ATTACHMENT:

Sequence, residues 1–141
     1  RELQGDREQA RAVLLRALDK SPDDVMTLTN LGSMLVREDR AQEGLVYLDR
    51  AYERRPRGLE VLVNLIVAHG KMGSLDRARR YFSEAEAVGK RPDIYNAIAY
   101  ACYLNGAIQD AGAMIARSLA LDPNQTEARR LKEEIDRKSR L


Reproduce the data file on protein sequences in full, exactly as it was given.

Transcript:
Sequence, residues 1–141
     1  RELQGDREQA RAVLLRALDK SPDDVMTLTN LGSMLVREDR AQEGLVYLDR
    51  AYERRPRGLE VLVNLIVAHG KMGSLDRARR YFSEAEAVGK RPDIYNAIAY
   101  ACYLNGAIQD AGAMIARSLA LDPNQTEARR LKEEIDRKSR L